Mission to Kraftland
By Madelyn Ritrosky
Photo right: Nicky Kraft (left) and Richard Kraft. Photo courtesy of Richard Kraft
Dumbo has landed.
Richard Kraft won’t mind that I’m comparing his project to a sweet elephant with large ears. Indeed, he has already done so with one of four illustrated posters he commissioned to advertise his film.
Not only that, he has a life-size, original Dumbo seat from the Disneyland ride gracing his living room just like you see in the illustration. It makes perfect sense. For Richard Kraft, life is a journey to be savored. If you want Dumbo in your living room, do it. Life is too short.
Finding Kraftland is a documentary that weaves together Kraft’s quirky hobby (okay, he calls it obsessive) and his experience of the deaths of his brother, father, and mother. The punch line to the film is his revelation that he was recently diagnosed with Crohn’s Disease, the illness which killed his brother.
Kraft’s film, for which he is the co-star, co-writer, co-director, and producer, premiered at the 2007 Santa Barbara International Film Festival. I talked not only with Richard Kraft but with his co-writer and co-director, Adam Shell, and his 16-year-old son, Nicky Kraft, who co-stars with his father.
Richard Kraft is a Hollywood film music agent and has worked in the film industry for twenty years. Although he made his first film, a home-movie class project, in grade school, filmmaking fell by the wayside as he became immersed in the ancillary you know what I mean function of agenting (I guess I’m coining a term). Years ago, he did write some musical scripts that were bought by the studios, but none were ever made.
Photo left: Finding Kraftland poster by Matthew Peak. Courtesy of Richard Kraft
Finding Kraftland is, thus, his professional filmmaking debut. And he feels the difference. To be on the let-it-all-hang-out side of things in front of and behind the camera creating a film is just not the same as being behind the behind-the-scenes, peddling composers to directors and producers.
But Richard is letting it all hang out in several ways: he unabashedly shares his passion for 20th-century consumer culture and some of its now-historically interesting wares. Board games, soundtrack albums, and promotional merchandise are important categories in his extensive collection of kitsch. I don’t use that term in a negative way: the material culture of any period can provide fascinating insight into the popular culture of the times.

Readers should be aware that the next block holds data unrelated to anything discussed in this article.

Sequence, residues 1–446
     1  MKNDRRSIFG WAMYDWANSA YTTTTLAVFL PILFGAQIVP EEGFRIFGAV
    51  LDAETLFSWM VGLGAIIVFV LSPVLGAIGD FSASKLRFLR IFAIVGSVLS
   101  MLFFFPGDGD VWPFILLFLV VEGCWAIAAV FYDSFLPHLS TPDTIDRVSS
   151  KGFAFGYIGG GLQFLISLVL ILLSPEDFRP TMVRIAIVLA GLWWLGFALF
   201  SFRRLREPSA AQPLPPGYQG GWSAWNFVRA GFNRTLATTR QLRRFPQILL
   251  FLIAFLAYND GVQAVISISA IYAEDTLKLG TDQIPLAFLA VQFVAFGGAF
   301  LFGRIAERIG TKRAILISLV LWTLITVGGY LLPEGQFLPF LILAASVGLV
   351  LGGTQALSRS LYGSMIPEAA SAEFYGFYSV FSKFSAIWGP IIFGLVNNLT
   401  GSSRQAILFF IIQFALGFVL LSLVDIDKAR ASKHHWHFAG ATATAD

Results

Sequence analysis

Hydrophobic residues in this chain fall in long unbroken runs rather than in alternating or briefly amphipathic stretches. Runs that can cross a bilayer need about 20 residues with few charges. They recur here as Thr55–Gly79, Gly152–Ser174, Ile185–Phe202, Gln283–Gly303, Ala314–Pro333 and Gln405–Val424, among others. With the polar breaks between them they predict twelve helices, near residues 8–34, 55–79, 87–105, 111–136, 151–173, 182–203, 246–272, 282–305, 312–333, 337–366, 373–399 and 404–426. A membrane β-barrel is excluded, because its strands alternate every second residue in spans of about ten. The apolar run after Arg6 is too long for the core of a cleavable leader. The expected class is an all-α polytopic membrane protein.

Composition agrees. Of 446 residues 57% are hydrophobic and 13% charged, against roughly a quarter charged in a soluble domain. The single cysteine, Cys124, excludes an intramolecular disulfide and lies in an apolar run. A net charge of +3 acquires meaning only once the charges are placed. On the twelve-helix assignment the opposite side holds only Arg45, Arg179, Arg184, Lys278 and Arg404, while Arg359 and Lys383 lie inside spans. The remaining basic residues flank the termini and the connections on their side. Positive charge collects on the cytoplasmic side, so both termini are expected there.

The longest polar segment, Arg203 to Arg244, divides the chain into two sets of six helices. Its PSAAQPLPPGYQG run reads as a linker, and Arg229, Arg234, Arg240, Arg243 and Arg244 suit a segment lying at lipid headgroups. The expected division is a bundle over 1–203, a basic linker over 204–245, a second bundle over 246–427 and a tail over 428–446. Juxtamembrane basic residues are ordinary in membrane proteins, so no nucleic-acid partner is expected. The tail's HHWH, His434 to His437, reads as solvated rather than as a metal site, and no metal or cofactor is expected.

But in reality, it’s not his collections that emerge as the theme of the film it’s his passion for and positive outlook on life. There’s an optimism grounding the film, which is undoubtedly what accounts for the warm reception the film received at its premiere festival screening. The filmmakers were pleased.
Several years ago, Kraft came up with an idea for a book about his collections, experiences, and rediscovered relationship with his son. Almost two years ago, the creative impulse shifted. Richard and Nicky were at Disney World and were inspired by, of all things, a promotional video of “Top Attractions” that played endlessly on the hotel’s promotional channel. Why not a film about, as Richard put it, “the virtues of our own obsessive lives,” modeled on that video’s top-ten format? Richard’s dormant filmmaking impulse had finally reared its churning head once again.
Adam Shell is a singer-composer and filmmaker with his own production company, Triple Feature Productions. He and Richard first met when the latter needed videos for some clients. They found they were of like minds when it came to creating the videos, so Richard turned to Adam for this personal project.
Richard said that “the original script was just the collectibles.” They hired actress Stacey J. Aswad to act as the host, but what was originally the entire shoot three days of filming turned out to be just the first phase. Adam pushed Richard to ask “Why?” and delve deeper a form of self-examination that Richard found a bit scary.
They revised and expanded the script, and Adam shot 50 hours of interviews with Richard’s clients and friends. Then came the really scary part for the star of this film: talking about his family on camera. It turned out to be a way to put his relationship with his deceased brother in perspective.
Photo left: Richard Kraft, Nicky Kraft, and Adam Shell (left to right). Photo by Madelyn Ritrosky
They finally had their story arc. “It’s about a man who is sad, from losing his brother and parents, and in the process rediscovers his son,” Adam said. Or, as Richard quipped, “It’s the special dead-family edition.”
Nicky Kraft not only stars alongside his father as the sidekick but, as a budding musician, composed and performed the song that closes the film. Along the way, the audience discovers how father and son became very good friends. That kind of relationship is hard to come by and refreshingly open.
When they “premiered” an early version of the film at Nicky’s birthday party last year, the response they got was inspiring. They decided to submit it to a film festival.
Richard has found it exhilarating to be in a position that his clients usually occupy. He explained how one of his clients, composer Danny Elfman, had called the day before our interview just to find out how the premiere of Finding Kraftland was going. Richard stressed the novelty, for him, of having the shoe on the other foot.
Richard Kraft is a brainstorming, list-making man, choosing a positive approach to life. (Although he has been diagnosed with Crohn’s Disease, he said he is not in imminent danger.) He likes to make lists of 100 things to do and include everything from walking on the moon to organizing his sock drawer. Life is too short to not include his dreams. However, Nicky pointed out that his sock drawer is still a mess.